Katrina Foley Wins OC Supervisor Special Election

On+Tuesday+March+9th+Katrina+Foley+became+the+first+Democratic+woman+elected+to+the+Orange+County+Board+of+Supervisors.+She+will+represent+supervisorial+district+two%2C+which+inclues+coastal+cities+of+northern+Orange+County+such+as+Hunnington+Beach%2C+Costa+Mesa%2C+Newport+Beach%2C+and+parts+of+Santa+Ana.

Image courtesy of the Daiy Pilot

On Tuesday March 9th Katrina Foley became the first Democratic woman elected to the Orange County Board of Supervisors. She will represent supervisorial district two, which inclues coastal cities of northern Orange County such as Hunnington Beach, Costa Mesa, Newport Beach, and parts of Santa Ana.

Max Katz, Politics Editor

“I really believe we made something happen here in Orange County,” exclaimed the newly elected Katrina Foley to a Zoom full of her supporters once her victory on March 9th was apparent.

Foley, the incumbent mayor of Costa Mesa, will become the first Democratic woman to serve on the Orange County Board of Supervisors and the first Democrat to represent supervisorial district two since the 1890s.

Foley’s victory will put an end to the Republican supermajority on the board, and create a more competitive dynamic for policy debate as there will now be only a 3-2 Republican majority. This could also give Democrats a chance to influence the decennial process of redrawing of supervisorial districts, another sign that the Democratic party is on the rise in the historically conservative neighborhoods of Orange County.

The special election campaign began when incumbent Orange County supervisor Michelle Steele unseated Democratic Congressman Harley Rouda back in November. This triggered a high-stakes election to fill the vacancy on the Orange County Board of Supervisors.

Officially, OC Supervisor races are nonpartisan; however, the races are highly politicized and attract endorsements from Republicans and Democrats. This led to controversy within the Republican field when Newport Beach council member Kevin Muldoon and Fountain Valley mayor Michael Vo refused to drop out and clear the way for front-runner, John Morlach.

I run on issues. It does not matter what party you are, what matters is whether your road is repaired properly. Issues such as covid recovery are bipartisan issues. Issues such as mental health services and moving people off the streets and into housing are bipartisan issues”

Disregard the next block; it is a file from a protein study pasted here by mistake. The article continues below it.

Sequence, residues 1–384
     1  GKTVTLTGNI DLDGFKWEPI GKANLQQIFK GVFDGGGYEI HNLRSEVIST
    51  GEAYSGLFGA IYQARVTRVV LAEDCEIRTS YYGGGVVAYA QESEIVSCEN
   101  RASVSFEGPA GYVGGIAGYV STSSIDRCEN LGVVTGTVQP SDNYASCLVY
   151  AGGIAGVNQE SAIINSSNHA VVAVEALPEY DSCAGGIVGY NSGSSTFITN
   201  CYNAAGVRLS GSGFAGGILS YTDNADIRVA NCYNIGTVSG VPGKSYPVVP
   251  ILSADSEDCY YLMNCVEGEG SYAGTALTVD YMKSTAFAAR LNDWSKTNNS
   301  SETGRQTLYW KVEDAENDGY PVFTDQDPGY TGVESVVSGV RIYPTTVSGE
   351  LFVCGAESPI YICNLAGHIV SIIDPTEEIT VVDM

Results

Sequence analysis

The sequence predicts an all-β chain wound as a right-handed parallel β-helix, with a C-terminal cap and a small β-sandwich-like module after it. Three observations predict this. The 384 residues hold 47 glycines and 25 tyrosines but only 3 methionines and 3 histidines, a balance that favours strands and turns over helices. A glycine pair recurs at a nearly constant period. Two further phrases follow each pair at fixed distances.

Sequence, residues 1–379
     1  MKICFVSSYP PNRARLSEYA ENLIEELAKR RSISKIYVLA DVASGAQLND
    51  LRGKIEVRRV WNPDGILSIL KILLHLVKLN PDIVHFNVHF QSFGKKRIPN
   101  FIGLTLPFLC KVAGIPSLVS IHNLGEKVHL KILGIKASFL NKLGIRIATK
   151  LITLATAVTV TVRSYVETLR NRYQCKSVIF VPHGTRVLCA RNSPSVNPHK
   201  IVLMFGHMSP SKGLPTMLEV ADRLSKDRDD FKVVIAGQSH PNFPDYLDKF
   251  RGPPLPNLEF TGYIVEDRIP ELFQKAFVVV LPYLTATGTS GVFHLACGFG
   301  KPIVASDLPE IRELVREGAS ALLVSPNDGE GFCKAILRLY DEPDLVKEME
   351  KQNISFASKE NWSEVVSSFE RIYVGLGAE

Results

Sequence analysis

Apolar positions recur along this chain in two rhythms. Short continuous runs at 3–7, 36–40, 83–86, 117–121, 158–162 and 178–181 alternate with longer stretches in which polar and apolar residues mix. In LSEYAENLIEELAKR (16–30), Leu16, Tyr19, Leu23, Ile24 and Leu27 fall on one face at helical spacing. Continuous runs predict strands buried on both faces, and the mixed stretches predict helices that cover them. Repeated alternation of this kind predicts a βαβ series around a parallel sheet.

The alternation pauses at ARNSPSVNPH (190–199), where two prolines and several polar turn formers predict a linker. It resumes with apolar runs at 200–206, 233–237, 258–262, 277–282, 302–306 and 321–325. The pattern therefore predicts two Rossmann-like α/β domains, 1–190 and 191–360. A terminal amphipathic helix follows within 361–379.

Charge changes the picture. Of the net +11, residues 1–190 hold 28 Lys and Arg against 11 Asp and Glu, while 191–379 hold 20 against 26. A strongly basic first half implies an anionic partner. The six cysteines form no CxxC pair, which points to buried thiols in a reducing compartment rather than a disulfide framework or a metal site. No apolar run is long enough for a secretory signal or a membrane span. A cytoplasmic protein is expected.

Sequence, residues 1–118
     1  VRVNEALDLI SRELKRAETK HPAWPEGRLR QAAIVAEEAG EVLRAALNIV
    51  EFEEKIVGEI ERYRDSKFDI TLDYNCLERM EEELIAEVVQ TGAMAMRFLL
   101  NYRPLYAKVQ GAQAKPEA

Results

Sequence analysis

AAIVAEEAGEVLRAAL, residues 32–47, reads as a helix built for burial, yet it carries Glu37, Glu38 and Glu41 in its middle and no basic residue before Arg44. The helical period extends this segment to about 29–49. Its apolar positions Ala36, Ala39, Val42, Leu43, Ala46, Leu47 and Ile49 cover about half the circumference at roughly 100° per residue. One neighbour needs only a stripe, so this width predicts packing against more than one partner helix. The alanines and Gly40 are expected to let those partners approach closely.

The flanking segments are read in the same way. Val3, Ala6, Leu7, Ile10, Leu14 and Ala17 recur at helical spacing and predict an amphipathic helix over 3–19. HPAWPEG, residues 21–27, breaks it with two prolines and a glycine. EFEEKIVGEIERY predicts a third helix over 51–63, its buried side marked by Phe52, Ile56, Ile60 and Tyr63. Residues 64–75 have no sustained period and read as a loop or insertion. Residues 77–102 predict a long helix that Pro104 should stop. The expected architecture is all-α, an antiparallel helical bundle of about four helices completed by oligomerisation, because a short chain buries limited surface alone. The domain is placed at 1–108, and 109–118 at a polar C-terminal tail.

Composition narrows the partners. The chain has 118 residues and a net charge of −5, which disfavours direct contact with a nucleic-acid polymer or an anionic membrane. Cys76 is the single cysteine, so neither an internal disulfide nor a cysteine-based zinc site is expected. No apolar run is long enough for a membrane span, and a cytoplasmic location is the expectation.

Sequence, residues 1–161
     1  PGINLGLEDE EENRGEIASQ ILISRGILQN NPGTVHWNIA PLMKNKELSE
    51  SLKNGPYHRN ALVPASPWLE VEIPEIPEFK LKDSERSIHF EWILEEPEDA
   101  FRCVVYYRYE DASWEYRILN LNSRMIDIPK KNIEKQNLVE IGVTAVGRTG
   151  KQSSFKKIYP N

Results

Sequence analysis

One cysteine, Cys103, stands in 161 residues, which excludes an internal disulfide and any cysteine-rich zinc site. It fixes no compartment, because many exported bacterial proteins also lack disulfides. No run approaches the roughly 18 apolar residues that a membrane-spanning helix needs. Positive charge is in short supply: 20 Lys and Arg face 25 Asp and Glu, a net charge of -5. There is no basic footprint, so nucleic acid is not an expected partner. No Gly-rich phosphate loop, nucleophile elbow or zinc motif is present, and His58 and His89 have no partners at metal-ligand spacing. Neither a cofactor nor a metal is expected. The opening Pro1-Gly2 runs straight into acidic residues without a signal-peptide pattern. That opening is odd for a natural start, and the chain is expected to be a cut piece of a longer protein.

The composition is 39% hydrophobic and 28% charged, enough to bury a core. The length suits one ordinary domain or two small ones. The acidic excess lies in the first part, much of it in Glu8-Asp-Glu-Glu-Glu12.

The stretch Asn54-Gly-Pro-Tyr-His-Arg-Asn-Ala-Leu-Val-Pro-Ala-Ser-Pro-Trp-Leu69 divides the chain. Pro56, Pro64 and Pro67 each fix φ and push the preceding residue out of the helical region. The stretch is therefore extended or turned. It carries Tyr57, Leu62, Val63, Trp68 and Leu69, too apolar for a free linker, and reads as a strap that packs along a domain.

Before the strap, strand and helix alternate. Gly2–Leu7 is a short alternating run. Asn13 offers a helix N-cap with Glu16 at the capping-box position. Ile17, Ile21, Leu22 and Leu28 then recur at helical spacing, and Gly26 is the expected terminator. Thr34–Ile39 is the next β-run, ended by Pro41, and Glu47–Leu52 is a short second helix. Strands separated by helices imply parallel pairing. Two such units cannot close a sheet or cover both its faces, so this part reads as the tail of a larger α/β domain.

— Foley

“If the two confused Republicans were not in the race, I would be ahead right now,” said Morlach.

It is likely that the Republican party’s lack of unity around a single candidate is a major cause of their poor performance in this race. The two liberal candidates received 48% compared to 52% for the conservatives, yet Foley’s significant individual lead with 43% of the vote led her to victory.

Regardless of what factors influenced the election, Foley will now have the opportunity to be a new voice for progressive politics on the OC Board of Supervisors.

“After the year that I have spent as mayor working with the (Orange) County supervisors dealing with the public health crisis I feel that we need a lot better leadership there at the county level,” said Foley.

Supervisor-elect Foley has promised to use her office to finally end pandemic era hardships in Orange County. This includes her promise to reach herd immunity in Orange County within 100 days as well as getting funds to aid local businesses before the county teachers herd immunity.

Beyond vaccination and pandemic relief packages, Foley is focused on combating climate change. She is the first Orange County official to introduce a climate action plan for the county.

“This climate action plan addresses a whole range of issues including housing, transportation, energy, water, wildfire mitigation, beaches. All these issues are collectively important yet the county does not have a plan right now,” said Foley.

The plan also includes making electric vehicle charging stations more accessible, providing incentives to switch to solar energy and a plan to reach a net-zero greenhouse gas emissions level by 2035.

Even with an ambitious policy agenda, Foley will have to continue to win over the trust and support of her constituents in a district that has more registered Republicans than Democrats.

“I run on issues. It does not matter what party you are, what matters is whether your road is repaired properly. Issues such as covid recovery are bipartisan issues. Issues such as mental health services and moving people off the streets and into housing are bipartisan issues,” said Foley.

This mindset has led Foley to success, as she has won school board, city council, and mayoral races in Costa Mesa with a Republican-majority electorate. In these offices, Foley has prioritized balanced budgets, community infrastructure projects, and most notably partnering with Newport Beach officials to fight homelessness.

“I have to force myself to take a couple of days off because I want to get to work tomorrow!” said Foley on election night. 

Foley will likely face a tough reelection battle in 2022 against a more united and politically empowered Republican party. Until then, she will be focused on being a voice for workers and economic progress in Orange County.